Nicholas Hall, CEO of the DTTT, reflects on the Digital Tourism Innovation Campus and the Destination Transformation framework.
I’m taking some time out to write a post about Destination Transformation and why we’ve made it the theme for this year’s #DTIC2015 in Barcelona. The inspiration for choosing this topic actually stems quite far back in the Digital Tourism Think Tank’s history, but in 2015 it really comes to the fore.
If you ask me if DMOs will exist in five years from now, the answer is unquestionably “yes”, but I start with this question because it is one that I’ve been asked time and time again. The honest truth is, there are many critics in the industry who firmly believe that they shouldn’t exist and argue that DMOs are all too often ineffective, focusing on the wrong things, interfering with industry affairs or spending money that the trade could spend better.
Moreover, this critical point of view is usually supported with the claim that today’s travellers are sophisticated digital savvies who will use endless sites and apps to plan their trips, often giving little consideration to the official destination site in the process. These arguments I can understand, as a (very) frequent traveller myself, I have to confess I rarely use a destination sites unless it is for research on work we’re doing with a client, for a benchmark or some other non-travelling purpose. But then again, I also know exactly what I want in a travel experience and I know where to look for highly relevant tips and advice to help prepare my trips.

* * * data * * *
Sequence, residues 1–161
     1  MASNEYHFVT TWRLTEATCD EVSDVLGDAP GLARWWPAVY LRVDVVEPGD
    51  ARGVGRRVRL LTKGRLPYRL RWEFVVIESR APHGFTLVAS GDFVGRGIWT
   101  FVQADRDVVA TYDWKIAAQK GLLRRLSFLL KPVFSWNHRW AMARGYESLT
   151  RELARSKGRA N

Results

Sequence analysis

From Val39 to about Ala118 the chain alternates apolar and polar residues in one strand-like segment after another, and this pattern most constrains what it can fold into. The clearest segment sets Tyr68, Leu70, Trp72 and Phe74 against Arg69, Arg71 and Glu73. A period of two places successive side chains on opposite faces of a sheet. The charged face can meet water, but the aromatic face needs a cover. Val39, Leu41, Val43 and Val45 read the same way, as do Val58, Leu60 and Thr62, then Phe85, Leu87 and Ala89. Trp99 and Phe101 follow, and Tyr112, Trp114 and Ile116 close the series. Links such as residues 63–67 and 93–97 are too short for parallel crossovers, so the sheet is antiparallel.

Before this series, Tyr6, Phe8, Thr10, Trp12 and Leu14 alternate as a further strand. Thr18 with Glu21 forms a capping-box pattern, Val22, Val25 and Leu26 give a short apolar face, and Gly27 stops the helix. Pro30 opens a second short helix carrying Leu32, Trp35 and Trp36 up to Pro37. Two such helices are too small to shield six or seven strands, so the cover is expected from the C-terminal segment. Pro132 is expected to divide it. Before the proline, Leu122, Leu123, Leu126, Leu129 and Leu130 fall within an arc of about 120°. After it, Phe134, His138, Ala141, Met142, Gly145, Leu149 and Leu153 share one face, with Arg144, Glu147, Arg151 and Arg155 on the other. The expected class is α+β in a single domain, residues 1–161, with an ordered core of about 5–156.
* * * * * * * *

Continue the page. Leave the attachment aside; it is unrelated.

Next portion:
So if someone in my position would be the first to admit this, then you may say to yourself that I’ve somewhat answered my own question here, and at the same time I’ve put a knife in the back of the industry that I passionately believe in supporting.
In actual fact, it is precisely this question which leads us to re-think the role of the DMO, with an acute understanding that whilst the tourism industry has proven resilient on the most part to global crisis, it hasn’t always handled disruption from within with quite the same confidence.
You may be right in asking what role the DMO has in today’s world?
It is a fact that today’s travellers research their travel plans extensively in an omni-channel process, which in the last couple of years has become highly fragmented thanks to smartphones and tablets reaching near full adoption in developed markets. We used to refer to google research which showed an average of 30 sites used before a trip was booked to what is today a far greater number of snippets across multiple devices and all day long, as people snack on ideas, absorb and engage in discussions and carefully plan around opinions and recommendations to develop a highly informed understanding to support their destination choice. So if the official destination site doesn’t necessarily come into play, you may be right in asking what role the DMO has in today’s world?
So before I begin to tackle this, let me bring this post back on track and tell you that I do in fact believe strongly that DMOs have a key role to play here, but as consumer habits change, so too much our approach, which is why the critics of this industry are right to ask the question as too should every DMO in evaluating what role they should play in 2016.